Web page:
So, I’ve Been Watching Lost Girl
I had lost track of the various series on the SyFy channel after several proved disappointing. So, while I had heard of these series, I had never bothered to check them out, especially with the lack of buzz they received from my peers. Recently, though, circumstances has led me to mainline Lost Girl, a series about to begin airing its fourth season on SyFy.
The show about a succubus who is also a bisexual was created back in 2008 for Canadian television and has built up a particularly ferocious fan following. I have managed the first two seasons over a month or so thanks to Netflix and my wife’s travel schedule. It’s certainly entertaining and pretty damn sexy for a basic cable series.
The show’s mythology posits that there are a race of supernatural Fae split along Light and Dark sides. They have the rules and rituals and observances, all brokered in an uneasy peace for the last millennium thanks to the desperate act of the Blood King during a war. The Fae blend into human society although there is a distinct racism displayed by most Fae towards the mortals, who are seen as playthings or food.
The series picks up with Bo (Anna Silk), a woman unaware of her heritage who is constantly on the run because her lovers all wind up dead. When she learns she is a succubus and can master her feeding on souls, she is also plunged into the power politics of both sides. Defiantly, she declares herself neutral and settles into a private eye gig, aided by her human best friend Kenzi (Ksenia Solo). She has loved and lost, fought and battled, learned more of her past and continues to seek the identity of her father.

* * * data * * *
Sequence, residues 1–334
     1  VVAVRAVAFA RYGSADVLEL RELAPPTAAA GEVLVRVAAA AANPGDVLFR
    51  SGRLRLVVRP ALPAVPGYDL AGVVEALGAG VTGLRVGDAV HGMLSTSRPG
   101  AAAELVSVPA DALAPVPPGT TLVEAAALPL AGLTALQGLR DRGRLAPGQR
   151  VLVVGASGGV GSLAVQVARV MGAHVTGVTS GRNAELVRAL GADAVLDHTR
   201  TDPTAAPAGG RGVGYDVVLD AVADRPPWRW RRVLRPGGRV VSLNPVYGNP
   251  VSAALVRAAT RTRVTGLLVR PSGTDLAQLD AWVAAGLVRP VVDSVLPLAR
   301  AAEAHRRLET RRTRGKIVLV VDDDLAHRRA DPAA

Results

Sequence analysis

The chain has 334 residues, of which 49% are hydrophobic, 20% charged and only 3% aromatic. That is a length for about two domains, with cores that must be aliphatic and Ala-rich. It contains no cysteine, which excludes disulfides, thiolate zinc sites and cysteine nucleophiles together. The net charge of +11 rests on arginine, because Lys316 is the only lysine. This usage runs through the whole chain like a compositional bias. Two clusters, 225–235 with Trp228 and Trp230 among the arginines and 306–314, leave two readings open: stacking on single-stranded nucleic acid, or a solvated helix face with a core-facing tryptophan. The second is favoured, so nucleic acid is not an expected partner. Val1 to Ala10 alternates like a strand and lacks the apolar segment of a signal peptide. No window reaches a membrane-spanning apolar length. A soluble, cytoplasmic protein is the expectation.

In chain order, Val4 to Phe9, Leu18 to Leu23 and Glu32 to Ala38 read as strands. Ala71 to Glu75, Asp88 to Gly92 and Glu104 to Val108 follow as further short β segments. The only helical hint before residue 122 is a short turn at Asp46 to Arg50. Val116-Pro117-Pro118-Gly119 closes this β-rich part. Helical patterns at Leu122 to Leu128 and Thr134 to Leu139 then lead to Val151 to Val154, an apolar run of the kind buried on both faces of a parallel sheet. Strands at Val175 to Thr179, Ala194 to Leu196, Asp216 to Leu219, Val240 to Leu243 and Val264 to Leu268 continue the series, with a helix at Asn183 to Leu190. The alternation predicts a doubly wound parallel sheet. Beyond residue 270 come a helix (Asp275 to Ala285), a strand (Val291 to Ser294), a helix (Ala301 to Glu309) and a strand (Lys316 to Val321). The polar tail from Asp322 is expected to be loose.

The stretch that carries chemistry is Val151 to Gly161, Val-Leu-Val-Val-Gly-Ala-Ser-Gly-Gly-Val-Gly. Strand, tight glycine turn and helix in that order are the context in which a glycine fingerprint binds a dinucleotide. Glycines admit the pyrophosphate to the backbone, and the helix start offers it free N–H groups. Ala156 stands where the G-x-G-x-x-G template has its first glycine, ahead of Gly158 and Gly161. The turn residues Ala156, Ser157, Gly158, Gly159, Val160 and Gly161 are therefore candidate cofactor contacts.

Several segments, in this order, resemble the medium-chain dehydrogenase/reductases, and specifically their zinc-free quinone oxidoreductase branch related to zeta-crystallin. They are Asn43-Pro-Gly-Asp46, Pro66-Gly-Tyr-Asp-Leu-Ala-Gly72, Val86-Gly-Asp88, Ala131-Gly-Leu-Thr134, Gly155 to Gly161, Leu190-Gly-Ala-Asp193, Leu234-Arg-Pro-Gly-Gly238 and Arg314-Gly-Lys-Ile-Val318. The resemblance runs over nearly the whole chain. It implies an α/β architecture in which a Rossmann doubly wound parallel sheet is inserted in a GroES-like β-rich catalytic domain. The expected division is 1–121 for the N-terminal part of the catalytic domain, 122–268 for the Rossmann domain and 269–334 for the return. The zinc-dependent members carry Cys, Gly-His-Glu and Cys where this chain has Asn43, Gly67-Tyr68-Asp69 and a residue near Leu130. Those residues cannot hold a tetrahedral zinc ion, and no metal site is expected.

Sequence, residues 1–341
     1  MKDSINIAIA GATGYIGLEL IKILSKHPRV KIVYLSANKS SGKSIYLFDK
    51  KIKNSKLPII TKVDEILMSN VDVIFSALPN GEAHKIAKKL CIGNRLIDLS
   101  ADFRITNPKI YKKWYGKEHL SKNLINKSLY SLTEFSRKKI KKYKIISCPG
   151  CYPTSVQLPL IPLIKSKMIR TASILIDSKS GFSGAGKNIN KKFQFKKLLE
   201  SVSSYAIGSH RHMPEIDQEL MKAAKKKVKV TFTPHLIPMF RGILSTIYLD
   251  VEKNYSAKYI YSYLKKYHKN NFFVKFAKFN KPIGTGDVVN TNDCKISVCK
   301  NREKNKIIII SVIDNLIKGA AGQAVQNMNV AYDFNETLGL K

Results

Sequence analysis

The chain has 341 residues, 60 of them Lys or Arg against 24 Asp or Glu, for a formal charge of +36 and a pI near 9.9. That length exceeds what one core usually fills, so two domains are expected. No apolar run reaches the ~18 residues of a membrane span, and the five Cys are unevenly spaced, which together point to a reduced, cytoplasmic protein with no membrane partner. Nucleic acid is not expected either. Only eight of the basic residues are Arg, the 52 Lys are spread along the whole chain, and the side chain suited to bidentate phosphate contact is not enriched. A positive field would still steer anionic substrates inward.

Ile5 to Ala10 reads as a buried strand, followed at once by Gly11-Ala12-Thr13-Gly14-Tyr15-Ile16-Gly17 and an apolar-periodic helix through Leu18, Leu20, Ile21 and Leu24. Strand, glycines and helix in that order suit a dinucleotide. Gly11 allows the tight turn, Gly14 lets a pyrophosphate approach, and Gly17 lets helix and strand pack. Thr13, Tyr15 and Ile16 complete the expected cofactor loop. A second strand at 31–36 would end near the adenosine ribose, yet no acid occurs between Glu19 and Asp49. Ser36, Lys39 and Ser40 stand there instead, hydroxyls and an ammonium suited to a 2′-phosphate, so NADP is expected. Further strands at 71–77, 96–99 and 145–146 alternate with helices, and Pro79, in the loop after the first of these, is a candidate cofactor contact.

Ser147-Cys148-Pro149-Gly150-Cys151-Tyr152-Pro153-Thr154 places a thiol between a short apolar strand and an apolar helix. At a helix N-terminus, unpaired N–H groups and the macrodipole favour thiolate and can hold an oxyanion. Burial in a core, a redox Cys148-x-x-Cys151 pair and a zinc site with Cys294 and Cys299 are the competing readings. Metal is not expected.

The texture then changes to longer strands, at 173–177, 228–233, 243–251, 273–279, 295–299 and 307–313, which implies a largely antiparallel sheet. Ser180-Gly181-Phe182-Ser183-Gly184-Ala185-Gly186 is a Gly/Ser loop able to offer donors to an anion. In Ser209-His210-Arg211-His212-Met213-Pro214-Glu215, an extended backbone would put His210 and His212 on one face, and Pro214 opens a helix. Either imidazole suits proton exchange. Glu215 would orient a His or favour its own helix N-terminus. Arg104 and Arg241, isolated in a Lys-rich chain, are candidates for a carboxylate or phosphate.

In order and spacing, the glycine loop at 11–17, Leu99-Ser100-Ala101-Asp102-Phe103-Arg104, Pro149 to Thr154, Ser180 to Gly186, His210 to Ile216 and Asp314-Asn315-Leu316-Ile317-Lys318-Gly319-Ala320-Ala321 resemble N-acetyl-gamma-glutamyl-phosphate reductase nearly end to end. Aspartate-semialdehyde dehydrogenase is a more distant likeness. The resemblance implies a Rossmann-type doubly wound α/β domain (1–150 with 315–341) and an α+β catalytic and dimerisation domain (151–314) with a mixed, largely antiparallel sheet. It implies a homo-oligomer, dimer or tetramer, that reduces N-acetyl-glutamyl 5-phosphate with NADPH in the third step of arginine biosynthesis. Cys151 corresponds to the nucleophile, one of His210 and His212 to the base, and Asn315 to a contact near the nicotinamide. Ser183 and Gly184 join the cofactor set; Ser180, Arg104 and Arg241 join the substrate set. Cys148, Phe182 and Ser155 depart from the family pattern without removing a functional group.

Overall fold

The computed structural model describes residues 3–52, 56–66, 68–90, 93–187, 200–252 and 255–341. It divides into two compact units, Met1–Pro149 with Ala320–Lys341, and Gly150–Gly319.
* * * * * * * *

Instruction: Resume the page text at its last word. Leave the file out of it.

Overall, it’s not a bad backstory and certainly rich with potential. Yet, after watching 36 episodes so far, I come away with how much potential has been missed. The writing is fairly lightweight despite the dark themes, so the opportunities to really get into the characters’ heads is rarely used. This was clearly evident in the second season’s “Original Skin” where the characters switched bodies and beyond groping themselves, they didn’t take full advantage of how this could illuminate their personalities.
The show is clearly shot on a tight budget so crowds are reduced to three or four extras and sets go for a minimalist approach, the worst offense being the prison in “Caged Fae”.
The show, though, seems to focus entirely on the sexual desires of the characters. As series creator Michelle Lovretta put it, “It’s also rare to have a female lead who is so honestly sexual, without judgment…I think the single element I will remain proudest of is just that we’ve been able to create and put out into the world a sex positive universe where a person’s sexual orientation is unapologetically present and yet neither defines them as a character, nor the show as a whole…I felt it was crucial to also demonstrate that sex and romance aren’t the only ways that Bo measures a relationship’s worth, to give the show balance…” These days, Bo is involved with Lauren (Zoie Palmer), a human doctor who has become the leading expert on Fae medicine. Their ups and downs since the pilot has made them one of the most popular lesbian couples on television.
The acting can also be a problem as Silk is gorgeous but lacks the real range Bo needs to be convincing. She’s well supported by a varied supporting cast, most of who are not terribly challenged by the material. Of particular note are Solo’s Kenzi and Kris Holden-Reid’s lupine Dyson.
I’ll keep watching as things are getting darker and more complex under new showrunner Emily Andras, who took over at the beginning of season three. It’s eminently watchable, despite its shortcomings, and I look forward to further maturation.